Director: Mike Flanagan
I was mostly interested in the cover of this movie. The synopsis was vague and uninteresting, but the cover intrigued me. So, I checked it out. All we know from the synopsis is that Tricia's husband Daniel went missing seven years ago, and that after finally declaring him dead in absentia, starts to think maybe something supernatural was going on. This isn't true, though. Tricia simply thought that Daniel left her at first. Tricia kept having horrible hallucinations of Daniel, and he was angry at her, because she became pregnant by the detective working his case. That, or he was angry because she was declaring him dead. Her therapist said that it was simply guilt on her part, and that finally admitting that her husband was dead was messing with her mind. Her sister, Callie, showed up to live with her, after having been on the road apparently going to several rehabilitation clinics. She kicked her drug habit (or so everyone thought), and she was hoping to help her sister through the terrible mess. When Tricia finally decided to move on for good, she set up a date with the Detective. They didn't get very far, though, before Daniel showed up again. He was sick: showing signs of malnourishment and dehydration. He also seemed to have lost his mind a little bit. While Tricia was out with the Detective, explaining to him that their relationship could not continue, Daniel confided in Callie about where he'd been. He'd only called it the "Underneath." There was some sort of creature (like a giant insect) that lived in the walls of a nearby tunnel. It kidnapped people and took them to the tunnel with it. Sometimes people were able to escape (like Walter, a man Callie met in the tunnel, who was shocked that she could see him, just as Daniel was when he first returned). Daniel said that the thing was in the walls of his bedroom and that it was going to get him. Callie went to investigate and was knocked unconscious by the creature, and awakened to witness Daniel being drug back into the tunnel. She tried to save him, but it was no good. She notified the detectives but, finding the drugs in her room, brushed it off as an acid trip. Tricia thought that Daniel had found out about her relationship with the detective (he was already upset by her pregnancy), and had left her again. So, it was really Callie that suspected supernatural activity; not Tricia.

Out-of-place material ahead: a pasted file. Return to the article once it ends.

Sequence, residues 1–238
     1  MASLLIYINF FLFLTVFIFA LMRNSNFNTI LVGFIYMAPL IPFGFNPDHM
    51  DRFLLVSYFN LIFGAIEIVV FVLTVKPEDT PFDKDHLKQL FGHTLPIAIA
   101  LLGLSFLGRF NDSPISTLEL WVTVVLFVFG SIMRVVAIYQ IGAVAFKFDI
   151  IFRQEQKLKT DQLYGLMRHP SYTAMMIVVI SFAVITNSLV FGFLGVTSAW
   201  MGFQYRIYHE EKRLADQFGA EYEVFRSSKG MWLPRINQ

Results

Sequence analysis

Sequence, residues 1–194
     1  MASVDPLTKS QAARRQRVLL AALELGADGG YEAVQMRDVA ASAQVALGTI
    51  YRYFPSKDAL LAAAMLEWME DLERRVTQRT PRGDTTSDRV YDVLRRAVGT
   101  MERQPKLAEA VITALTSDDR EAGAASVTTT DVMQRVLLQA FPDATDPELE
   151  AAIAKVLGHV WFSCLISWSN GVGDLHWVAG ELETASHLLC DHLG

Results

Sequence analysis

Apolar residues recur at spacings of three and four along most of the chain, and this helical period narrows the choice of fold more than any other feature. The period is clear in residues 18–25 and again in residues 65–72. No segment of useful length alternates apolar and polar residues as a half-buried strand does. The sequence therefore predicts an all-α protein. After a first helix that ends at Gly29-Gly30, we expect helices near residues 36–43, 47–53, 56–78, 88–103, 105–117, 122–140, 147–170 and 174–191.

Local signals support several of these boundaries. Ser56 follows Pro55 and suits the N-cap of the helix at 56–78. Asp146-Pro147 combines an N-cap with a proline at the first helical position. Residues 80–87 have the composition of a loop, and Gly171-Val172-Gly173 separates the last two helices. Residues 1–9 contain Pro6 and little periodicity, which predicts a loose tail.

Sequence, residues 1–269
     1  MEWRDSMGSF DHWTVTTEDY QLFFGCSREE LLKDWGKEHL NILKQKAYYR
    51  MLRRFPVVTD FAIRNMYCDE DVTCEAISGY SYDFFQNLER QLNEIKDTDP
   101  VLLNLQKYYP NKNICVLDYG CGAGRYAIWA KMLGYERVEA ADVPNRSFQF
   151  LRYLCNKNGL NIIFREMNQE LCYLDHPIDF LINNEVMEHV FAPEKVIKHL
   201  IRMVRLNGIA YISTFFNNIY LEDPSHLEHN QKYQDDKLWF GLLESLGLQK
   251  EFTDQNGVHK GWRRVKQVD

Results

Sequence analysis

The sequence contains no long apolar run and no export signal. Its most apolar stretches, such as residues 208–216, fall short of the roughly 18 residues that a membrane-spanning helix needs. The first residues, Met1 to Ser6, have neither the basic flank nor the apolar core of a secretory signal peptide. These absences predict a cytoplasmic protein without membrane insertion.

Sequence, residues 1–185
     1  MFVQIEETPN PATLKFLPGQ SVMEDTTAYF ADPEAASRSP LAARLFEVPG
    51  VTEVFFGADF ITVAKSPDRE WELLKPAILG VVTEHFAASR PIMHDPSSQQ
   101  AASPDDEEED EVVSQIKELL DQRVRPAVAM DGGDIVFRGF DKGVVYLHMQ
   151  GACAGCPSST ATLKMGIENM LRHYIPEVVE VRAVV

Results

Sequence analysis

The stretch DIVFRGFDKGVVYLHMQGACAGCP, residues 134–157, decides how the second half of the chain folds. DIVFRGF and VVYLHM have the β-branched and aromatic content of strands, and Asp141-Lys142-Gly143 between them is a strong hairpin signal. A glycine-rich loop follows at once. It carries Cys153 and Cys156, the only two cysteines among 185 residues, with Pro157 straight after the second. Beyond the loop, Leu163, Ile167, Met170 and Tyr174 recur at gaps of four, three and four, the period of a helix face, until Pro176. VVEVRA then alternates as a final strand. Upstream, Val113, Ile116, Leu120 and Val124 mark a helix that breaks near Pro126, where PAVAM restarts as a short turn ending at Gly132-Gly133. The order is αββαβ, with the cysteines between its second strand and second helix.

Callie did some research and found out that a ton of people disappeared from that neighborhood, all around the area of the tunnel. People had been disappearing there for around a hundred years. She knew there was some kind of connection, that there was some sort of mythical creature in the tunnel that was taking people away. But of course, no one would believe her. Tricia just thought she was drugged out. That was until the creature showed up at their house again, and spirited Tricia away. The police, again, just thought that Callie was on drugs and didn't know what she was talking about. So, she decided to take matters into her own hands. She went into the tunnel and attempted to make a "trade." But, we all know, evil spirits and/or creatures aren't very interested in trades.
This one was pretty interesting. I really liked it because it was different. The relationships between the characters were believable and likable, and the acting was really well done. There wasn't a whole lot of gore or action. It was a little bit slow, but it didn't take away from the entertainment. It had a pretty dark atmosphere throughout, whether from the horror aspects, or the situation that Tricia had been put in. We could tell how upset the disappearance of her husband made her. She went through a dark phase in her life, and that was apparent. There were a couple of jump scares, but it was the unknown that was scary. It didn't really explain anything about the creature: what it was, where it came from, or why it was taking people into the walls of the tunnel. I'm a little bit disappointed in that, but it kind of worked. It was a mystery. It reminded me of local folklore type of things: stories that townsfolk tell, but aren't really sure of all the details. Just a kind of, "This happens, but we don't know why." Callie actually made a reference to this in the movie, so I think that was exactly what they were going for. It was vague, but I kind of liked it that way. Most of the time this really pisses me off, and it doesn't work often; but it worked here. And for an independent movie, that's pretty damn impressive. Overall, Absentia was very well made, with good acting, a great story, and an interesting view.